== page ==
Although the Bob Jones case concentrated on racial discrimination, the Supreme Court focused more on matters of public policy. As a result, it has been academically pondered as to whether the doctrine of marriage equality is a matter of fundamental public policy. Obergefell v. Hodges found that government prohibition of same-sex marriage is unconstitutional on equal protection and due process grounds and has seemingly been widely accepted.
Since this ruling, 501(c)(3) organizations that oppose marriage equality based on religious grounds wonder whether their exemptions are now at risk for challenge by the IRS under the Public Policy Doctrine.
The Bob Jones case does not provide the IRS with discretion to make judgment calls on what is and is not public policy. The Court noted that all branches of government were in unanimous agreement regarding this national policy.
In addition, many of the cases striking down racial discrimination were unanimous (Brown v. Board of Education, Loving v. Virginia). Splitting the hairs of what is in unanimous agreement from a public policy standpoint is never so clear, so where should the line be drawn?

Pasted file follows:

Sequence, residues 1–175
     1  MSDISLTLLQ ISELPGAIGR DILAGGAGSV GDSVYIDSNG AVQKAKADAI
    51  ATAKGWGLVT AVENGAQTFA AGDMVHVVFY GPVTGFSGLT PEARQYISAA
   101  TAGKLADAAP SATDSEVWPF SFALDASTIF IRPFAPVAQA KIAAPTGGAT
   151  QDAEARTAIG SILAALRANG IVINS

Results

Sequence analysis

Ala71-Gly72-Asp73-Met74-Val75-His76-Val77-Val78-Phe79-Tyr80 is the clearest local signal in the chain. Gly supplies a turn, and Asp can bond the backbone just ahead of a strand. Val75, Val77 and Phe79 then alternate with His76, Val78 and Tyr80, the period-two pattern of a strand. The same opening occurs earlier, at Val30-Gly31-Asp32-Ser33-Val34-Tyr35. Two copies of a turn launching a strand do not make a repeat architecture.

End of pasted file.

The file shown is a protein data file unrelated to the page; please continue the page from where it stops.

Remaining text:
Notwithstanding, the Bob Jones case specifically excluded churches and purely religious 501(c)(3) organizations.
This underlines, again, the challenges involved in conferring the status of a “school.” Without that status, Yeshiva would not be entitled to certain other government programs and advantages.
Now, with that status, they may find themselves at a crossroads between their inherent religious tenants and freedoms deemed important by most of society.
Samuel Handwerger, CPA, is a full-time lecturer in the Accounting and Information Assurance Department at the University of Maryland’s Robert H. Smith School of Business.
Read More: Yeshiva v. YU Pride Alliance and its ‘tax-exempt status’ backstory